Transitions also include any movement in one’s life from one situation to another, some of which bring great joy, like the birth of a child, a new marriage, buying a home, adopting a pet, meeting a friend. However, transitions can lead to emotional or psychological distress, even when the event is anticipated, wanted, and planned.
As a hospice social worker, transitions often come in the form of preparation for death, the end of life, and grief/loss of the patient whose life is ending, as well as those loved ones left behind. Each day I get to work with those facing these life transitions. How we cope with these changes determines the ultimate key to our happiness and our ability to acclimate and adapt to a changing life and being in touch with “the inner self.”
It can be tempting to dive into a new job without laying the groundwork for what the new job entails. It can also be tempting to dive under the covers after a hard day at work or an emotional evening with a spouse. It can feel exciting to rearrange your furniture to change things up or to accommodate new needs in your space.
Without appropriate forethought, however, even these transitions, which seem small and unimportant in the grand scheme of life, can leave us floating and losing tune with our inner need for structure. Having spent over sixteen years working in hospice, you might think I have this down. I don’t! Every transition needs to be thought-out, especially when I am the first line of defense to help patients and their families come to terms with a patients’ mortality; the ultimate reality. Often, we think about these major life transitions.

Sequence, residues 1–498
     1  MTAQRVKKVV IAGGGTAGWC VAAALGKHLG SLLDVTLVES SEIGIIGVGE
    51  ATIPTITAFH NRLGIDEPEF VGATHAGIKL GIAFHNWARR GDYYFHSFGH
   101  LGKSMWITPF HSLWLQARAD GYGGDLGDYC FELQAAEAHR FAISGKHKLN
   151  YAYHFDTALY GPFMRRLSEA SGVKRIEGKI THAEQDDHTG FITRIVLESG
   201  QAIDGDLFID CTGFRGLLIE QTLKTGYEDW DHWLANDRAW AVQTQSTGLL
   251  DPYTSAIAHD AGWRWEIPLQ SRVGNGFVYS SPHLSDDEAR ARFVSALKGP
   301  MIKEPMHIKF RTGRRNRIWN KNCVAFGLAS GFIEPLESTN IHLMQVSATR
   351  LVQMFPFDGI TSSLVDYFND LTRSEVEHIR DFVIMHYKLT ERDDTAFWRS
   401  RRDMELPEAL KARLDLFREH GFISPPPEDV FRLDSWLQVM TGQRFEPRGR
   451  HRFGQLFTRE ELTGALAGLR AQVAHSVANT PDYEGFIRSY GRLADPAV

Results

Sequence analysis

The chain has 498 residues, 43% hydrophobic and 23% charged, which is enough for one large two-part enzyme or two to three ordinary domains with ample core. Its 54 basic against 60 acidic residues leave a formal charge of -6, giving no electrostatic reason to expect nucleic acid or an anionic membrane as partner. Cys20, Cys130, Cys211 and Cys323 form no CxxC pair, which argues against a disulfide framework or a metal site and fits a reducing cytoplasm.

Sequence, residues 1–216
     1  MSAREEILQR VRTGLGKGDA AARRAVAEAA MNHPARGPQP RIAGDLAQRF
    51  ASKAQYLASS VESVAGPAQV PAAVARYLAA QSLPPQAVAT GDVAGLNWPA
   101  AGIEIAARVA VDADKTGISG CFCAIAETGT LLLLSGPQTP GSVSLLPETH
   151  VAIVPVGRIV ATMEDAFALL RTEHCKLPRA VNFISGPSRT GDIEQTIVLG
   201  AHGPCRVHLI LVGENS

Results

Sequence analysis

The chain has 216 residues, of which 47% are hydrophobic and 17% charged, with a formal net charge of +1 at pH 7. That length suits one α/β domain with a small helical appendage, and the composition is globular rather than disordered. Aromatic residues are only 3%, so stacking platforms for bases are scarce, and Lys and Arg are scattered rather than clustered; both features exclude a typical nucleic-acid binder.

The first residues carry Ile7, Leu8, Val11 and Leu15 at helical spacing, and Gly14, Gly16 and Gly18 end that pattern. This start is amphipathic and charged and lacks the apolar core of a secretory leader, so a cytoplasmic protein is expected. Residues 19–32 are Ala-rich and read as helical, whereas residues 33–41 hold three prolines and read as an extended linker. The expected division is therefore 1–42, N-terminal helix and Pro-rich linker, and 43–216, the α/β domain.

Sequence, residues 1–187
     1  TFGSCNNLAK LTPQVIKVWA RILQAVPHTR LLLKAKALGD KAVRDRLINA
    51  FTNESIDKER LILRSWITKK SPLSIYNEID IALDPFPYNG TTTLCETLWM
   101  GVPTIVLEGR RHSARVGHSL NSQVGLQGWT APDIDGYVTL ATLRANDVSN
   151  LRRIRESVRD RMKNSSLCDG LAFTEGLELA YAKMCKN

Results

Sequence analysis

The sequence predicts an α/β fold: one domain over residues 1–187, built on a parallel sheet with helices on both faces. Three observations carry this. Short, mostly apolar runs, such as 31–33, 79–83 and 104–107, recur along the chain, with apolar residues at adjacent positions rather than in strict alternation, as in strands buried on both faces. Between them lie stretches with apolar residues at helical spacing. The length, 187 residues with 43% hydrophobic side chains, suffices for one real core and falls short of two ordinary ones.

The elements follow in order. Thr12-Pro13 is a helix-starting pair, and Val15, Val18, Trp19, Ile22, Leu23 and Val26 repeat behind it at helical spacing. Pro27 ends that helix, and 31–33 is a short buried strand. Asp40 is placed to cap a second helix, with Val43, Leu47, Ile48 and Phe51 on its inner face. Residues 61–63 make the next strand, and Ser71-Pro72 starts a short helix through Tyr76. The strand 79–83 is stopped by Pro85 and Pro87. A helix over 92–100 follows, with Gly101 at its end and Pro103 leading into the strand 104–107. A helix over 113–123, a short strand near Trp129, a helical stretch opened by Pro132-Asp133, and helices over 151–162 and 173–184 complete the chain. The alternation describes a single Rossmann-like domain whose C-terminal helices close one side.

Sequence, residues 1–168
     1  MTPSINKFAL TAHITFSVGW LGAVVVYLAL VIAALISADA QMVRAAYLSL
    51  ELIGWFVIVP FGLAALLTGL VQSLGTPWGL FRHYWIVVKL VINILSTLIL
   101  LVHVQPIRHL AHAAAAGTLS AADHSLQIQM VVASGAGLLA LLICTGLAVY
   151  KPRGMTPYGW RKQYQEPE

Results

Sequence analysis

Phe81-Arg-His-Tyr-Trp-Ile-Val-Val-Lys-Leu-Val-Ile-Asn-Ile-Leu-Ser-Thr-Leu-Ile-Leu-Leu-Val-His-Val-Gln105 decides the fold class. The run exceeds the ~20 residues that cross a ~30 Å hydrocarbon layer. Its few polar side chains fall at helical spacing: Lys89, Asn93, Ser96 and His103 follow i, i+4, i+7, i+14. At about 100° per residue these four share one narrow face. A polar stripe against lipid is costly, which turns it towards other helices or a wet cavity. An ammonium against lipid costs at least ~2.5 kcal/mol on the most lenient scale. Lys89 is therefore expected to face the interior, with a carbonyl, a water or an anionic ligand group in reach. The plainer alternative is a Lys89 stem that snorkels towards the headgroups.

“Why am I doing this?” “Why is this happening?” Many people go about their day with little thought to the smaller transitions. I have found that these changes can have huge anxiety-provoking and stressful impacts on our lives. So what can we do? Prepare for transitions we can anticipate and take our time adjusting to the sudden abruptions of daily life. It’s easier to say than to practice, but it is far better to practice than to be taken unaware and be stymied by life’s little curveballs. I’ve spoken about my grandmother before and she would say, “Practice.” Even the Boy Scouts say, “Be prepared.”
Hospice has taught me to go with the flow, not to fight against the stream of nature, and to be myself. The cliché,’ “When life gives you lemons, make lemonade,” has a great deal of merit. Allowing yourself to feel your innermost thoughts and feelings can be hard but it is vital to have a successful relationship with change. Transitions, while often difficult, cannot be avoided or denied. Resistance is futile. Transitions are life; becoming a new you. Being a hospice social worker has taught me this.
The poet, Nikki Giovanni says, “A lot of people resist transition and therefore never allow themselves to enjoy who they are. Embrace the change, no matter what it is; once you do, you can learn about the new world you’re in and take advantage of it.”
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